First Appeared in The Music Box, July 2005, Volume 12, #7
Written by T.J. Simon
After several straightforward, country-oriented albums that went nowhere, Shelby Lynne found her voice ó and a Grammy Award ó with her 2000 make-over I Am Shelby Lynne, a wonderful disc that blended alt-country with Dusty Springfield-style, blue-eyed soul. It was followed by the commercial and critical disappointments Love, Shelby and Identity Crisis, both of which failed to recapture the magic of her breakout effort and largely went unnoticed by the public. Now, Lynne returns in good form with Suit Yourself, a 12-song, largely acoustic, blend of intimate alt-country, blues, and soul. While the outingís highs donít soar with the best moments of I Am Shelby Lynne, the new release is a consistent pleasure to the ears.
Lynneís husky voice has the ability to convey stark emotional ground that likely comes from some dark places in her past. As a teenager, she and her sister (singer-songwriter Allison Moorer) witnessed their motherís murder at the hands of their father, who then turned the gun upon himself. So, when Lynne sings a soulful, emotive ballad such as I Cry Everyday, itís instantly credible and real. The discís opener Go With It is the collectionís best track, as she captures the southern soul sound to perfection. Other standout selections include the blues-y shuffle of Youíre the Man and the Bonnie Raitt-inspired You Donít Have a Heart.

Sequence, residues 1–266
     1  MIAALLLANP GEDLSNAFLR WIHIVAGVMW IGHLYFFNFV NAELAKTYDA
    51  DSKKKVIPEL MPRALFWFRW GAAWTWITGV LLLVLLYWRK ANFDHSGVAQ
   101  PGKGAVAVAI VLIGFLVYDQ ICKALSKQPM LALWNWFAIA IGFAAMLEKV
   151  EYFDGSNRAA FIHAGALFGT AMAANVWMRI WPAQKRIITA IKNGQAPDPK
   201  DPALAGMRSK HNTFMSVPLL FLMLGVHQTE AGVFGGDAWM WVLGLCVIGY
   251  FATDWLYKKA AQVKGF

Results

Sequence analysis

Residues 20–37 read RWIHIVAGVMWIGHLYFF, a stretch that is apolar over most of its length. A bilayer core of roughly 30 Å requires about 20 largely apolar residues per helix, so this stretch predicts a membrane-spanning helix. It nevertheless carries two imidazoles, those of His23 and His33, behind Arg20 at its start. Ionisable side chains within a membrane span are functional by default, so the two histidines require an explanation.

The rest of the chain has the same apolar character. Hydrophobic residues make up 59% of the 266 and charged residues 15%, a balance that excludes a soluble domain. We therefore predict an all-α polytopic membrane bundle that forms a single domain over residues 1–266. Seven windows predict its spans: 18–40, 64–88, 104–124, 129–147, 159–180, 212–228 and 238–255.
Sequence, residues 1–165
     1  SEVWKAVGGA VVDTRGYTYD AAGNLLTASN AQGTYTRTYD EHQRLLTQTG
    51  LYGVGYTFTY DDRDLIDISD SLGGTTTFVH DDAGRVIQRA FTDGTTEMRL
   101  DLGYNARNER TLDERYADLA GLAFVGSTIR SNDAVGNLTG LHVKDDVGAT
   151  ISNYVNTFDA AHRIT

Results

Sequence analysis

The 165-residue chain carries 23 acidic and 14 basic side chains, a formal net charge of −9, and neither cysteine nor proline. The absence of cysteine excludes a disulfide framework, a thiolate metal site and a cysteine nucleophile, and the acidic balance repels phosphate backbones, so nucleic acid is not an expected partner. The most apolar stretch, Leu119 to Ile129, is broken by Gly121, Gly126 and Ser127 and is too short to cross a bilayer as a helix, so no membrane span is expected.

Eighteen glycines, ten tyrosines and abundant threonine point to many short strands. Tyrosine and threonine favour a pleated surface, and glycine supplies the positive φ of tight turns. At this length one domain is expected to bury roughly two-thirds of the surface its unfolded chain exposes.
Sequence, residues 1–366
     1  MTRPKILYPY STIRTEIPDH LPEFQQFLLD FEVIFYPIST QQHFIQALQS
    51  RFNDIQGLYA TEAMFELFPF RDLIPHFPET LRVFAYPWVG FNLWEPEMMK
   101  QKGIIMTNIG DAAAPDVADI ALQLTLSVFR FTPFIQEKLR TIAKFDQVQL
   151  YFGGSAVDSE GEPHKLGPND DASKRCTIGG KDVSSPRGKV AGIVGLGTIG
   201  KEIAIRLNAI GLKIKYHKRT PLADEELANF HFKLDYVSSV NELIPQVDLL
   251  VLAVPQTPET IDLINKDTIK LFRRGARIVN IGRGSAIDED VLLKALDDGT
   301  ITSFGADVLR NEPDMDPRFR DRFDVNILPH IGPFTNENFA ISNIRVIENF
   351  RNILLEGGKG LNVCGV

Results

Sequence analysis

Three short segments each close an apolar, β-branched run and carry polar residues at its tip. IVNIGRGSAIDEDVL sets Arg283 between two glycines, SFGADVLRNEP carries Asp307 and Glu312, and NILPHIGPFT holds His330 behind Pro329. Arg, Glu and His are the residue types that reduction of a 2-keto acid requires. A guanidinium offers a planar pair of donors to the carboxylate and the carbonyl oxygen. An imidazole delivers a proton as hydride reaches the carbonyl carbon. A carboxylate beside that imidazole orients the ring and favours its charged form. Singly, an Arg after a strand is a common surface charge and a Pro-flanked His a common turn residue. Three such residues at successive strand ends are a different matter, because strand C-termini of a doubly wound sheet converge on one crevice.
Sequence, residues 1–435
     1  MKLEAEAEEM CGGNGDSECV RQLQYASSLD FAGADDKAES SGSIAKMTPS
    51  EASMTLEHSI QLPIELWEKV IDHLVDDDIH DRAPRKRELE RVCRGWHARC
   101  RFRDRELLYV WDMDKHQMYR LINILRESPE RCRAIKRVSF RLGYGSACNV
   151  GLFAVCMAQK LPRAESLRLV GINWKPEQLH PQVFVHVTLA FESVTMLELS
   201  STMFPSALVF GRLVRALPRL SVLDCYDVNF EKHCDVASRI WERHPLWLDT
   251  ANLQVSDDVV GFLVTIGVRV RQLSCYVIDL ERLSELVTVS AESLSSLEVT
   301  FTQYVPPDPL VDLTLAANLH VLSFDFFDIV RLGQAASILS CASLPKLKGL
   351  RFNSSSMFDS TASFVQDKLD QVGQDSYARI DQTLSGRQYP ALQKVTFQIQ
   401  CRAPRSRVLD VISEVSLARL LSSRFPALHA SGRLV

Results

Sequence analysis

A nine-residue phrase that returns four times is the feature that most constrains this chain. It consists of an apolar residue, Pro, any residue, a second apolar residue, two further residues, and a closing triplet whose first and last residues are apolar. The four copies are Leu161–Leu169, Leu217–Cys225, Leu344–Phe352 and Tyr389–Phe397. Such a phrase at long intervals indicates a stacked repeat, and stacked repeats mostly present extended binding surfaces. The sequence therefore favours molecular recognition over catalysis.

While thereís nothing wrong with the straightforward acoustic country ballads on Suit Yourself, they tend to be nondescript and indistinguishable from the countless other female artists who are doing the same thing. Songs such as Sleep and Old Timeís Sake are technically flawless, but they lack that special something that is necessary for setting them apart from Lynneís magical, soulful side. The best country moment on the disc is the subtle and understated Iced Tea, which invokes Willie Nelsonís approach to crafting a song, and it works like a charm. The album also contains a well-performed cover of Rainy Night in Georgia (listed simply as Track 12).
Another impressive element of Suit Yourself is that Lynne produced the effort herself, and the mix is perfect. On future releases, Lynne would be wise to distance herself further from standard country fare and instead emphasize her soulful side, but in the meantime, thereís a lot to enjoy on Suit Yourself. Ĺ
Of Further Interest...
Suit Yourself is available from Barnes & Noble.
To order, Click Here!
1 Star: Pitiful
2 Stars: Listenable
3 Stars: Respectable
4 Stars: Excellent
5 Stars: Can't Live Without It!!
Copyright © 2005 The Music Box